It beats paying through the nose, it beats getting ripped off by fake warranties, and it beats hiring a lawyer. Although you should still hire a lawyer. That's always a good idea.
Time for another installment of the things you said about the things I said:
Everybody likes to get feedback on what they do, don't you agree? That's why I love it when people comment, and that's why I try to post the comments to reply to them or otherwise acknowledge them.
Sometimes, though, I worry that it's not so much what I'm saying as it is the pictures that accompany the posts. Take the comment "Anonymous" left after I posted Jensen Ackles as "Sweetie's Hunk of The Week, 8:":
thats a manip ...you need real pictures
You can see that Anonymous was moved by my thoughtful and wry commentary, can't you? Don't get me wrong, though: I love the fact that people read, and I would in no way cynically try to increase my readership by sprinkling picture of hunky guys around a post for no reason.
I also realized, in going back to find that post, that I've horribly misnumbered the "Sweetie's Hunks of the Week," so that there's a couple of 9s and a couple of 7s. I would like to be able to say that I'll correct this, but since my real math education stopped with memorizing the times tables in Mrs. Talaska's fourth grade class, you're going to have to live with it.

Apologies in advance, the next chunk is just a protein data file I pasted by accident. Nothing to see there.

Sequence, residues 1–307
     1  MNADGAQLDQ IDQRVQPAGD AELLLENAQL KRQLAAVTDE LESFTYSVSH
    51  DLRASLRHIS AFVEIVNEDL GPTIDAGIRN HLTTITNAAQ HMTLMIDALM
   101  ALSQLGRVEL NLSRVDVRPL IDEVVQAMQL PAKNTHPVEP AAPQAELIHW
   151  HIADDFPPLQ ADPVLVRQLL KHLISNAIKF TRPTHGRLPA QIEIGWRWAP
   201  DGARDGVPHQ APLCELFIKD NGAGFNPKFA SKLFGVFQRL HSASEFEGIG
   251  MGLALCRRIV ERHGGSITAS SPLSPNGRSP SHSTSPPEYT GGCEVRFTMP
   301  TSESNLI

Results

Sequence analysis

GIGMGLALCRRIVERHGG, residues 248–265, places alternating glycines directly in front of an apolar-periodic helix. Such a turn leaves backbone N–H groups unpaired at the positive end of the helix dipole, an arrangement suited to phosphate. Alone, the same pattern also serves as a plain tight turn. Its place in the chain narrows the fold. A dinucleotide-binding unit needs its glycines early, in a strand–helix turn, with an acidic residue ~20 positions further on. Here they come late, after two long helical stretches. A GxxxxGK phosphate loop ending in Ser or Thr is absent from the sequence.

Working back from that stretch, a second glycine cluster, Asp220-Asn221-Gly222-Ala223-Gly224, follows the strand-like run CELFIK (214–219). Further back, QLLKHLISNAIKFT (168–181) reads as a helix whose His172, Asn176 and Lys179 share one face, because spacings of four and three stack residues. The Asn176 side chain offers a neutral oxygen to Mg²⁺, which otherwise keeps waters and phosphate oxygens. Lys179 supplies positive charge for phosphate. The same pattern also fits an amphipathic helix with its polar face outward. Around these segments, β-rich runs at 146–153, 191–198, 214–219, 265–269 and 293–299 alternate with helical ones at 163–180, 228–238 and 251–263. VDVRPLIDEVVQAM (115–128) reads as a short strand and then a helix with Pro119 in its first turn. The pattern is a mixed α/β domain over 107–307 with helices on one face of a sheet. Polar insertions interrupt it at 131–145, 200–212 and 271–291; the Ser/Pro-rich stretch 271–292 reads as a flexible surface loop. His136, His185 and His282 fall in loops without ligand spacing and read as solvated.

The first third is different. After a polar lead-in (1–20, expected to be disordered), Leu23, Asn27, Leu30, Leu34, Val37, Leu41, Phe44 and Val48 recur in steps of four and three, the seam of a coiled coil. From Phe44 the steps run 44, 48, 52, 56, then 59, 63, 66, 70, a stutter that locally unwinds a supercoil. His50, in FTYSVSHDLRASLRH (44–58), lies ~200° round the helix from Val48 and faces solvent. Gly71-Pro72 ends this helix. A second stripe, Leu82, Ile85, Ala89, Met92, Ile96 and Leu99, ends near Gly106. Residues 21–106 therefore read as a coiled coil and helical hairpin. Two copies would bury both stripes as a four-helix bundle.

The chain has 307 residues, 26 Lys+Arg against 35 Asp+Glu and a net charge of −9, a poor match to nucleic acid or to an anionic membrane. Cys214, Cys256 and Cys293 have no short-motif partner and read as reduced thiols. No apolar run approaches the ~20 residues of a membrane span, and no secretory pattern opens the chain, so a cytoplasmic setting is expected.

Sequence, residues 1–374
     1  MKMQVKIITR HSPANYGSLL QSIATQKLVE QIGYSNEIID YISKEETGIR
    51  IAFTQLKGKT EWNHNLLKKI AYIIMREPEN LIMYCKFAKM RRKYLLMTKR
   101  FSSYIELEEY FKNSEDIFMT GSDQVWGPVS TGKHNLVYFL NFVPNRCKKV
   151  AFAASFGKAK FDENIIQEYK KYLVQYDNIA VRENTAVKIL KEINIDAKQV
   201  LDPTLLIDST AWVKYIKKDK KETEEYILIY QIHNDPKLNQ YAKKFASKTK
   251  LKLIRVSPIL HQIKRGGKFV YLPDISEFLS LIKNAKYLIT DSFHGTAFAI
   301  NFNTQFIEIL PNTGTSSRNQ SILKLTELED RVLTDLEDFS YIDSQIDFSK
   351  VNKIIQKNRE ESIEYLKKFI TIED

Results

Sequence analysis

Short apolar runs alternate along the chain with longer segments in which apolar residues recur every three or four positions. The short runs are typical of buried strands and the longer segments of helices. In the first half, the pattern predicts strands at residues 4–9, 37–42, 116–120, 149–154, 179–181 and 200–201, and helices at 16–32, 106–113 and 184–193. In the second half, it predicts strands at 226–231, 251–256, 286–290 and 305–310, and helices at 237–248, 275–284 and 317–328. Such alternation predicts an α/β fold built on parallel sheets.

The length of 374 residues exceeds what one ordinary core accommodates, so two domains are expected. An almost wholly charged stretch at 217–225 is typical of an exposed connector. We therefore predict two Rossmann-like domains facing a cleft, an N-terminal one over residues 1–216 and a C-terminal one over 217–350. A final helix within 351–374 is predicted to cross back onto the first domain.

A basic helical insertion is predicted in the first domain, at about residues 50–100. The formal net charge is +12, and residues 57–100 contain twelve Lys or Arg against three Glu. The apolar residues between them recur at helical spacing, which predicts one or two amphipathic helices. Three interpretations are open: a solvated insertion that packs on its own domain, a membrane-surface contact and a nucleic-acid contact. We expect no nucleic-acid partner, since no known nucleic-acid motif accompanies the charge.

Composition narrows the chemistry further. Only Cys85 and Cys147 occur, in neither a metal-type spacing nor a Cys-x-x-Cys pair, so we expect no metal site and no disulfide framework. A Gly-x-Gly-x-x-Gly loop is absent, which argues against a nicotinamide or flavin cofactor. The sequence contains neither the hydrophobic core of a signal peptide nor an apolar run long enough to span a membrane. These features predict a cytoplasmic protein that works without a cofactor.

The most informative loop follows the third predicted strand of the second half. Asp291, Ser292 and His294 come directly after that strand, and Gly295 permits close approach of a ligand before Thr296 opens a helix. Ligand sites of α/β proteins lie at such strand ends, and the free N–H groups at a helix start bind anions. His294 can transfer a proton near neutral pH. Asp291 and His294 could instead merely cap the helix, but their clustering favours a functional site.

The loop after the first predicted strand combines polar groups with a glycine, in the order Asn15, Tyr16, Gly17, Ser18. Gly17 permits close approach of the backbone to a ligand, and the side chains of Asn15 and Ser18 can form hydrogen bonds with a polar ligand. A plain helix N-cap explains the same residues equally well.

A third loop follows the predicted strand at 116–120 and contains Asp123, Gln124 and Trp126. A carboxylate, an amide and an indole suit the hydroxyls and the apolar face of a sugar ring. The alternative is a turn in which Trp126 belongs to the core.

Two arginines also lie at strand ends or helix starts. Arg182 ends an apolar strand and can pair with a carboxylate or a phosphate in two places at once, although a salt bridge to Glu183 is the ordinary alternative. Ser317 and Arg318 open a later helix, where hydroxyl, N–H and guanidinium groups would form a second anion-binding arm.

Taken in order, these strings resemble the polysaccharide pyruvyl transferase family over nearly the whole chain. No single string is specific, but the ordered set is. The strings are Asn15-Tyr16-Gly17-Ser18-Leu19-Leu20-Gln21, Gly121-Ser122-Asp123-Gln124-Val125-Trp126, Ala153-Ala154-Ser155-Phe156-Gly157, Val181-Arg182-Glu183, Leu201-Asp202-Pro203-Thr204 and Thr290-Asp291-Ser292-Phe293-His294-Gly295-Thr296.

On to more reader comments. As I said, Anonymous' wink aside, I have no intention of pandering to the massses by simply inserting pictures of shirtless guys that women love into posts that otherwise are not about them at all. You won't, for example, catch me posting something like this picture:
Unless it was germane to the post. Say, for example, I was still feuding with the library, and I had struck on a new plan to win my battle, and that plan was to send a shirtless Jensen Ackles into the library to bargain for me. Then, without any pandering at all, I could write: My new plan is to send a shirtless Jensen Ackles, pecs glistening with sweat, and pants slightly hanging down seductively, to softly take the librarian in his arms, dip her ever so slightly, stare into her eyes with an intensity that she hadn't felt in years, and whisper to her, while brushing her lips with his, "Process a claims return." And I could then illustrate it with this: